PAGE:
When those cathedrals were built across Europe most people were living in abject poverty in servitude to their indifferent feudal lords. They had tallow for lighting with the only running water being the open sewer running down their filthy dirt streets, they were lucky if half their children lived to adulthood and if they themselves made it to their 50th birthday. At least they found some form of comfort in the thought that maybe, just maybe something better awaited them in the future and afforded them somewhere nicer to visit than the shit hole that was their home.
You're looking at this through 21st century lenses while riding a marvel of the modern world when those people were lucky to have a cow and a few chickens.
And much of that horrid condition was a result of the greed of "the church", which then was as much a political and war making machine as it was a religion. Still, that war making Catholic machine turned back the hordes in Malta. Religion did provide hope for people who had little.
That were different times in history. People didn't know anything else. In 500 years (probably much less) others will say the same about us.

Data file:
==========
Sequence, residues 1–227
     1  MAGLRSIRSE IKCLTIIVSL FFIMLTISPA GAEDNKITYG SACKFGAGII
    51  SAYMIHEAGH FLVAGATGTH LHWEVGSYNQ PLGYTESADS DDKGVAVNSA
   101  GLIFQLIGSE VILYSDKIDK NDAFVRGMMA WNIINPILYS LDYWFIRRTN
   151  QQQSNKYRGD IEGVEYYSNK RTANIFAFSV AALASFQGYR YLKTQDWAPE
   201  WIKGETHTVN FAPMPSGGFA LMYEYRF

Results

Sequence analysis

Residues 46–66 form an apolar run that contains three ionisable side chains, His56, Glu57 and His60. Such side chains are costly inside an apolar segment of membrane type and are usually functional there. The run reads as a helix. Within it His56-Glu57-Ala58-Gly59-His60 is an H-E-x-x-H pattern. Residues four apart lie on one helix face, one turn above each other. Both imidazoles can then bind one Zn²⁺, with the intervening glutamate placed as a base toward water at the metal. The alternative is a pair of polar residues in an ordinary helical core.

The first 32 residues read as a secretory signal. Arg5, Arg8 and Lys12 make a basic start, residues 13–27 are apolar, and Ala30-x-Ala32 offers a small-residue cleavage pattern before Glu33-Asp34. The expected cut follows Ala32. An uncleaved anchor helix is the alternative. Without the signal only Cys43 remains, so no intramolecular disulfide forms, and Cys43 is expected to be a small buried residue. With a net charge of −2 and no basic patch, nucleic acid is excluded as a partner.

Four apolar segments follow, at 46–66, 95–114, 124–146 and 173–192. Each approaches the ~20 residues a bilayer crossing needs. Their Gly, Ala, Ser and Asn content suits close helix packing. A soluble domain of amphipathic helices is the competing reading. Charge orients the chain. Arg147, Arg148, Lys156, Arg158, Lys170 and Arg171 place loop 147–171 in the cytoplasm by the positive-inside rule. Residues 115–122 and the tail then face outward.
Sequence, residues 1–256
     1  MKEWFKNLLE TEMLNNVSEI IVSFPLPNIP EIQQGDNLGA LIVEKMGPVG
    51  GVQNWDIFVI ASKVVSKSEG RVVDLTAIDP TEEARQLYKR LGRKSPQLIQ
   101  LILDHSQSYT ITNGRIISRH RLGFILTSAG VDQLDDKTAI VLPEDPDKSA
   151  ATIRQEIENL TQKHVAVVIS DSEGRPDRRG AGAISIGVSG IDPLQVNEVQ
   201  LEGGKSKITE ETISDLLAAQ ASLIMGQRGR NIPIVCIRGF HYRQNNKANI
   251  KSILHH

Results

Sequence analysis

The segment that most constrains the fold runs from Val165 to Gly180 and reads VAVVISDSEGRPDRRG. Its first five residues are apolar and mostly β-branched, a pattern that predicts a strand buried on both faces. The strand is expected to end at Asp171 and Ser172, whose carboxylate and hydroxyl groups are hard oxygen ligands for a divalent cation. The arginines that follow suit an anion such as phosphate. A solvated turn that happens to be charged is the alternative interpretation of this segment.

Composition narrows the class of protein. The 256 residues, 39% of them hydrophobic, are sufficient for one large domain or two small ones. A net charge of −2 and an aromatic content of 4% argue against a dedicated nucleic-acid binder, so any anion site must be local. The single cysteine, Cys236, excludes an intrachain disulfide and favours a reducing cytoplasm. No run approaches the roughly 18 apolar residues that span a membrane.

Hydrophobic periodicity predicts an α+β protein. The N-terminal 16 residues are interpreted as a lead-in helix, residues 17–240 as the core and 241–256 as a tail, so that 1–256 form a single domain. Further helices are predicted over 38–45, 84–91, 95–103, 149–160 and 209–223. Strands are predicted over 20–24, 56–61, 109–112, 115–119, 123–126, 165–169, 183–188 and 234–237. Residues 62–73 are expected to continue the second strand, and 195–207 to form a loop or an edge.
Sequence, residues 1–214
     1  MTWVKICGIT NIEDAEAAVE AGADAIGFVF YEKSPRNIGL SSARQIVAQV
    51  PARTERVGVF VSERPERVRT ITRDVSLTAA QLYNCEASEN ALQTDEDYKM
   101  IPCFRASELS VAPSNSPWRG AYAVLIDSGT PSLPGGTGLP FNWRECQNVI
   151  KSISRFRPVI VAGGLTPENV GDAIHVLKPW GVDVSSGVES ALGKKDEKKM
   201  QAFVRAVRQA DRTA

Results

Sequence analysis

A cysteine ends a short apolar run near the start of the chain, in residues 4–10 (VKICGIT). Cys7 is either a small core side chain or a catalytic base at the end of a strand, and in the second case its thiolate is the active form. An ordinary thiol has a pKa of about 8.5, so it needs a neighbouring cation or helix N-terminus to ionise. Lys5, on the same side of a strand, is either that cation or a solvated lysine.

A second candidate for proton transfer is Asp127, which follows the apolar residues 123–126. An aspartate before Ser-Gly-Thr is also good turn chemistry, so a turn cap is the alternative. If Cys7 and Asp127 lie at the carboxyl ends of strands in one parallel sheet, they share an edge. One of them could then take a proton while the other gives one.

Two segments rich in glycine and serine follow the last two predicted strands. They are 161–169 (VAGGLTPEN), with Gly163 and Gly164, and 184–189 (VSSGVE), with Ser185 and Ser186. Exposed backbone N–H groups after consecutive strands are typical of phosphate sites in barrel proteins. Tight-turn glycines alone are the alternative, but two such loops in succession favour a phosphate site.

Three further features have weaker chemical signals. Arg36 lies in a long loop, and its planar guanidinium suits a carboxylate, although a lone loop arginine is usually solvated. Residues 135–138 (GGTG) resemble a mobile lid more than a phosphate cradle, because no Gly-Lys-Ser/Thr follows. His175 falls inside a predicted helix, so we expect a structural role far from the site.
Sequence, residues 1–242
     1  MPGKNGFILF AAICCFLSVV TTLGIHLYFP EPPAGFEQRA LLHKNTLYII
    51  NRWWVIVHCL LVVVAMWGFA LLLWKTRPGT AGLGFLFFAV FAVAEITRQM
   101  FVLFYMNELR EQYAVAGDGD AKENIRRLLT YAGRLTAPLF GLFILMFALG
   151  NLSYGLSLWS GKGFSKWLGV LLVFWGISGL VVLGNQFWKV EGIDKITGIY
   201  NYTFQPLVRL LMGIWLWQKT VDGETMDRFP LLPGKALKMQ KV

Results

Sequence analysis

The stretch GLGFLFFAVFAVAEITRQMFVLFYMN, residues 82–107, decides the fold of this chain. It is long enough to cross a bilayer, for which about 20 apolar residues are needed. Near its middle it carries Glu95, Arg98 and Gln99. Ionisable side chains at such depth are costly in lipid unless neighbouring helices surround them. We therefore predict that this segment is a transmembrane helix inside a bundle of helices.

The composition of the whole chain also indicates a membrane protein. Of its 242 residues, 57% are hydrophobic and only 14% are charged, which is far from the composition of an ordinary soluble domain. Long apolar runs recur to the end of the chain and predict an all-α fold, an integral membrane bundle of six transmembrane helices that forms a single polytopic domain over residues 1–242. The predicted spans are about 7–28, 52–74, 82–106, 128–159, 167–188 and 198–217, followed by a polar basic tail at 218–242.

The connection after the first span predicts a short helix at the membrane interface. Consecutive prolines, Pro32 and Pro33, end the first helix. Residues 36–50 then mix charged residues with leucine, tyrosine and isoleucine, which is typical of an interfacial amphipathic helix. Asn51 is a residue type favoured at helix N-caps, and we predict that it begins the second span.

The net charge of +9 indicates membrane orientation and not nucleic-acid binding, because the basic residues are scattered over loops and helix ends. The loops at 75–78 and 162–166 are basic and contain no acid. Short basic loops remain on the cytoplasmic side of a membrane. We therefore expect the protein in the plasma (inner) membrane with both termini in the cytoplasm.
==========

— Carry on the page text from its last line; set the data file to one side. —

Each cathedral afforded virtual life time employment for a large number of people, where before then there was none.
WTF? Is this gonna turn into a religious discussion? How about we stick to Antihero's RR. :dog
Edited my post to more closely fit the attitude you are displaying.
That is the benefit of an Antihero RR...a lot of riding, adventure, art, architecture, some philosophy, some history... Renaissance Man...
This was the main reason I came to the steps, the final dwelling of John Keats.
Contrary to how it's commonly used today, the word Romantic, especially when applied to literature or art, has nothing to do with swooning or hugging and kissing. At the core is the the desire to experience and to explore. (Which is why we are all here on ADV, no?) Tennyson best captures the essence of the romantic in Ulysses: "To strive, to seek, to find, and not to yield."
In part, the Romantic movement was a rebellion against the age of reason and in part it was a rejection against the church. Both science and religion provide certainty, or at least the illusion of clarity. In doing so, we are robbed of experience. Science tells us how the world works, religion what it should mean. Both de-emphasized individual experience and neither celebrated or encouraged the emotions that provide depth to experience.